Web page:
Written by Anne Lamott
Reviewed by Marianne Spoon, WID communications officer
“When was the last time you looked at the first draft of anything you wrote and thought, ‘Done’?
If you’re in the ‘never’ category like me, don’t worry, you’re not alone. For as long as I can remember, I’ve been in the opposite camp, feeling like most of my professional and personal first drafts were so horrendous they needed to be quarantined for public safety. It brought me comfort to learn that author Anne Lamott may feel the same.
In her book Bird by Bird, Lamott modestly offers ‘some instructions on writing and life’ (though it’s really much more), with laugh-out-loud anecdotes and an eerie ability to transform her voice into one with such resonance, it may as well be your own.
The book’s title stems from Lamott’s childhood memory of her younger brother procrastinating to produce a school report on birds. Overwhelmed by the weight of the entire project and its impending deadline, her brother sat at the kitchen table, immobilized. Lamott’s father, also a writer, put his arm around him with the encouragement, ‘Bird by bird, buddy. Just take it bird by bird.’
Lamott’s book runs with this timeless advice, expanding on how to write every day (even if it’s few words and you think they suck) and helping us find solace in writing for no one but ourselves. More importantly, she asks us to constantly ask ourselves why we write: To expose a greater truth? To capture a moment that first seems indescribable? To remember ideas, people and places you love that bring you joy? To confront and overcome pain and fear?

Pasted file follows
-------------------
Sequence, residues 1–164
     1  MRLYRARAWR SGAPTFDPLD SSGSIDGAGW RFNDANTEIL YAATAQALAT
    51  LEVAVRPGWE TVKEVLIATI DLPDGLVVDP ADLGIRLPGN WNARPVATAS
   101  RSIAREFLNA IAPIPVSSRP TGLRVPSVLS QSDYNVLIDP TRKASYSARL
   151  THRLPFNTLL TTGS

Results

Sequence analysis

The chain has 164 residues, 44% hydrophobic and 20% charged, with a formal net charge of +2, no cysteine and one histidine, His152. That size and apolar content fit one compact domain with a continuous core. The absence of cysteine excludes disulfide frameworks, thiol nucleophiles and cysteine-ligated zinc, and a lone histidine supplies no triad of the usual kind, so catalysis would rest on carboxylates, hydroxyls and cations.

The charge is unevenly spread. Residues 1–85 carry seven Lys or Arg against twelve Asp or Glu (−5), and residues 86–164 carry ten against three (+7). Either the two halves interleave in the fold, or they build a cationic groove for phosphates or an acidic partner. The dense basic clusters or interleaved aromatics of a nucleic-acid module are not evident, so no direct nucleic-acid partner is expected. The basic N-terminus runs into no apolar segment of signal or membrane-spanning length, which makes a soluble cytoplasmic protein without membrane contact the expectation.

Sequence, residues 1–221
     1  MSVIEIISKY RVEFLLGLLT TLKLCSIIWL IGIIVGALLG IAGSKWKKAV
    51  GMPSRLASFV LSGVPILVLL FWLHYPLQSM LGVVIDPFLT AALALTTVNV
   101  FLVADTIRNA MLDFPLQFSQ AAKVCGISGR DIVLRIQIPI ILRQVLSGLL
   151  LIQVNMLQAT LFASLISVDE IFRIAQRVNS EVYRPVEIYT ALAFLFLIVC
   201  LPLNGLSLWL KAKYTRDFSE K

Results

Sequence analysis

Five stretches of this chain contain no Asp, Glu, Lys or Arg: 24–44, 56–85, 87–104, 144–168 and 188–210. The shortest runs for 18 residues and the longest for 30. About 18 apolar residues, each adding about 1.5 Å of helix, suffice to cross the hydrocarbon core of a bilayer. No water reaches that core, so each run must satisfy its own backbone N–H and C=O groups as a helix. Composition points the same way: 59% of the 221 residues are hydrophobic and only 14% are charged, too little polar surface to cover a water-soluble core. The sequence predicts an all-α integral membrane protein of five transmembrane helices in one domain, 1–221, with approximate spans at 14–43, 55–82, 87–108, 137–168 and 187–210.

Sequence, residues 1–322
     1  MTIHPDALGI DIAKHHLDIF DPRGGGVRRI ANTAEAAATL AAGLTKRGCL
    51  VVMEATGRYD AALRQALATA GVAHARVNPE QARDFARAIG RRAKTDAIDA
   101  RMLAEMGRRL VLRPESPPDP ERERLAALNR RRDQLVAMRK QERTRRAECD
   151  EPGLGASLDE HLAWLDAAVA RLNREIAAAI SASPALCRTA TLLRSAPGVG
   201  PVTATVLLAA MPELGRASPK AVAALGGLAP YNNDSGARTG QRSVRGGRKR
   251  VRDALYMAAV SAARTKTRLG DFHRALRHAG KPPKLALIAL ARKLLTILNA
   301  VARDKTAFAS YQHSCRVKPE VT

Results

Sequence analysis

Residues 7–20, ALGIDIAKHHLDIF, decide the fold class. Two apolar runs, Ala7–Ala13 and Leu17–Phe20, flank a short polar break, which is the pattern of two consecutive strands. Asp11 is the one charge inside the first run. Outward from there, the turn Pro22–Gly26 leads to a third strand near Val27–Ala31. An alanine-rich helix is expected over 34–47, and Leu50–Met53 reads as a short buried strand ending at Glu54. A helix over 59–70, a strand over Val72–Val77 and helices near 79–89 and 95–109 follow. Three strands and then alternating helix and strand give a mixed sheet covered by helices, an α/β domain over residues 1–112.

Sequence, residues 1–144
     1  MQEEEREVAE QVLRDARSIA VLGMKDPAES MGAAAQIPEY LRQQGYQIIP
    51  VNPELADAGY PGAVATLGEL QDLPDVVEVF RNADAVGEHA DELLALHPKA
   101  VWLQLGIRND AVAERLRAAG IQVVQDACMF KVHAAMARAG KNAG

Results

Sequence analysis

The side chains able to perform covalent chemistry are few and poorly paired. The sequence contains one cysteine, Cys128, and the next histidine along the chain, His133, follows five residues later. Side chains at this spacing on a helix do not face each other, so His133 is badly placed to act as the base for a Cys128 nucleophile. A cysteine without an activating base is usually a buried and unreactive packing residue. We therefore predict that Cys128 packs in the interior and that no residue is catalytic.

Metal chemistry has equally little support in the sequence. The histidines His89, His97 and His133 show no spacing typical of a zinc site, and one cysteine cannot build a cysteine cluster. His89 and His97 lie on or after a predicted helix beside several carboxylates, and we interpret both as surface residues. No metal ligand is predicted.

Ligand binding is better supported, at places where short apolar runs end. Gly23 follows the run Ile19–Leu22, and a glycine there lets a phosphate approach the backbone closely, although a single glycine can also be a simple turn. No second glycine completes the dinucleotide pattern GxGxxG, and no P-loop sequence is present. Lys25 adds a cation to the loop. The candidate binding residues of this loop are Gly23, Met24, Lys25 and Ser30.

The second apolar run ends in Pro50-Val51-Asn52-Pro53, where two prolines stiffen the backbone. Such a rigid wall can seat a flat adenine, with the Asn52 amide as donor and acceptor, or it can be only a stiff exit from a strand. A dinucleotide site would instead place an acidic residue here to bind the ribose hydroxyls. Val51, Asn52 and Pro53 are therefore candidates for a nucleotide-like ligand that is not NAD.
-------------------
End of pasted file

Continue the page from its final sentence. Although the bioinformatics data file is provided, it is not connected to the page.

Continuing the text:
Lamott’s advice is not only heartfelt; it’s driven by her own experience grappling with words and navigating the cutthroat territory of the publishing industry. Her writing achieves what many writers dream of: a direct voice and conversation with readers — a type of ‘no B.S.’ back and forth with ideas in real-time without hesitation.
But it’s not just practical advice that Lamott offers with this book; it’s articulating how good writing can contribute to humanity and our ability to say, ‘Yes, we’re in this together!’
She writes: ‘We are given a shot at dancing with, or at least clapping along with, the absurdity of life, instead of being squashed by it over and over again. It’s like singing on a boat during a terrible storm at sea. You can’t stop the raging storm, but singing can change the hearts and spirits of the people who are together on that ship.’
Ultimately, this book furthered my view that writing is a process, not a product. We treasure good writing for its ability to capture truths of life rather than its potential to sell. It’s not a state of doing, but rather a state of being, of viewing the world. It’s this tendency to describe the human condition through writing that resurfaces and captures us through culture and time.”